Good stuff. But when can common citizens get reservations, or at least set up their speed dials to try?

    The answer is: soon. (And for those restaurants that already have reservation lines, phone numbers follow.) On Feb. 5, though, the day after the opening, dining on the restaurant floors at the Time Warner Center will be extremely limited, just appetizers at Rande Gerber's Stone Rose, a bar and lounge on the building's fourth level.

    There will be takeout food available from the Whole Foods Market on the lower level, where more than a dozen different food "stations" will offer dishes like sushi, pizza, soups, roast pork, macaroni and cheese, and Asian stir-fries, all made in the market's own kitchens.

    Another choice is Asiate, the serene restaurant on the 35th floor of the Mandarin Oriental hotel in the north tower, a part of the complex which has been open since December.

    But the star chefs are barely beginning to light their ovens. The restaurants, named the Restaurant Collection by Kenneth A. Himmel, the president of Related Urban Development and the project's quarterback, will begin to open their doors to the public in mid-February. All the pieces of the Restaurant Collection will not be in place until the fall, when Mr. Trotter's seafood restaurant and oyster bar is expected to open on the third level.

    Nonetheless, even without dinner, crowds are expected during the early weeks. When the first of the estimated 18 million annual visitors to this $1.7 billion complex step inside the main doors they will be in a vast glass and marble concourse four stories high, like an amphitheater facing Columbus Circle and the park. Real estate developers might consider it to be an unconscionably frivolous waste of potentially rentable space, but Mr. Himmel calls it Time Warner's gift to the public. Aside from the restaurants, it is the distinguishing feature of the complex.

    There are stores all around, among them Coach, Tourneau and Williams-Sonoma. Escalators sweep up to the second floor, where the rest of more than 40 stores are located, then on to the third level, where the dining options begin. Though Mr. Himmel bristles when anyone refers to the restaurants as being in a "mall," their location, above the ground floor, is what many observers of the New York restaurant scene consider to be their greatest drawback.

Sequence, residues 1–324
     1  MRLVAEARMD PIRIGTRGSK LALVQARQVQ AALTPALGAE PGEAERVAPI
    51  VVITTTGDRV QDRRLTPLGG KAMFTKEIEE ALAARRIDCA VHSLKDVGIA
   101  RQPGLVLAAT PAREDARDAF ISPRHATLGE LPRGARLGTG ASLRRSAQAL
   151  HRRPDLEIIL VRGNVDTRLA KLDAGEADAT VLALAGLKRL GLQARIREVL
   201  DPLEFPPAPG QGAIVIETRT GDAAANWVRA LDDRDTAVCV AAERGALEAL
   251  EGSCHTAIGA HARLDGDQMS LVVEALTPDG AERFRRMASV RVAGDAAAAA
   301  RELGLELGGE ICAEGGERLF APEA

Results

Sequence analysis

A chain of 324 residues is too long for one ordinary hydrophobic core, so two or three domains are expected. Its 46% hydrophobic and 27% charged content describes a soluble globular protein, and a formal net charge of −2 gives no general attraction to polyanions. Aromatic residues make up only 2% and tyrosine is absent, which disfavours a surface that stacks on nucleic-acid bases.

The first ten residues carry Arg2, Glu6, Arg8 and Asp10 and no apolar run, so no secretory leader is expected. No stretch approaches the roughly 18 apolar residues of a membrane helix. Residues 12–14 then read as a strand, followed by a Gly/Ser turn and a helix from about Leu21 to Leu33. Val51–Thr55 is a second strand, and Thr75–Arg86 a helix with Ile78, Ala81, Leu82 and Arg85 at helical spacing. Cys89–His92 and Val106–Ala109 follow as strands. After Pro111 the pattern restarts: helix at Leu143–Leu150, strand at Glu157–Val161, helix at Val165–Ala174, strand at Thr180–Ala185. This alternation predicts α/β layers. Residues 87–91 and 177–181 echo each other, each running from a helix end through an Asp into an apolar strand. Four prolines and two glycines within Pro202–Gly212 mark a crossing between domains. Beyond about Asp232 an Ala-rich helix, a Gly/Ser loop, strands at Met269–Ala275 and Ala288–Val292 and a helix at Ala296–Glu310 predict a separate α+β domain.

There will be another entrance on the 60th Street corner of the building, with a marquee for the Restaurant Collection, a doorman, and elevators that take eaters, not shoppers, directly to the restaurant floors and to Jazz at Lincoln Center, which takes up the fifth to seventh floors and will also have a cafe run by Great Performances, a catering company that provides food for a number of public places.

    Guests at the Mandarin Oriental, residents of the condominiums in both towers, and people with offices at Time Warner and other companies in the complex will have elevators that arrive on the third floor. From there, special escalators continue to the illustrious fourth-floor dining rooms.

    And when they finally open, if your table is not ready, perhaps you will find a comfortable seat in the public area overlooking the atrium and the park, or at the bar or a window table in Stone Rose, a huge lounge done in pale stone and richly grained rosewood by the design firm Yabu Pushelberg. (Stone Rose will also run a small lobby bar on the third floor.)

    In addition to Yabu Pushelberg, the designers of the restaurants are as impressive as the chefs. Adam Tihany, David Rockwell and Jacques Garcia have all emphasized warm woods, rough-hewn stone, leather, gold, velvet and other luxurious materials to contrast with the hard-edge glass, steel and gray marble of the building.

    For the restaurants and their retail neighbors, which will offer a range of prices and cuisines, this is what you will need to know.

    STONE ROSE, a bar and lounge that will seat 300, with the capacity for 100 in a private room, will open on Feb. 5. Light food prepared by Jean-George Vongerichten's kitchen next door will be available. Reservations will be accepted beginning Feb. 5 at (212) 823-9796.

    PER SE, on the fourth level, is opposite Stone Rose, across the atrium. After a series of tasting dinners and parties, it plans to open to the public on Feb. 16. Thomas Keller, the chef and an owner, will remain in New York during the first few months. His French Laundry in Yountville, Calif., is closed for renovations, at least until spring. Per Se, designed by Adam Tihany with elements that echo French Laundry, like a blue door and a wood-burning fireplace, has a spacious lounge area and bar.

    The terraced dining room, in neutral tones with matched panels of Australian walnut and polished taupe marble from the Southwest that Mr. Tihany said is called "wildhorse swirl," has generous views on several levels. There are 74 seats in the dining room, a private room with 10 seats, and two other, more formal, interior private dining rooms that can seat up to 60. It is the largest of the restaurants at 13,412 square feet, and has an enormous kitchen, but it has one of the smaller dining rooms.

    Though Mr. Keller plans to be in New York while the French Laundry is closed, and will be visiting regularly after that, the chef de cuisine in charge of the restaurant is Jonathan Benno, a graduate of the Culinary Institute of America who has worked at Gramercy Tavern and Craft.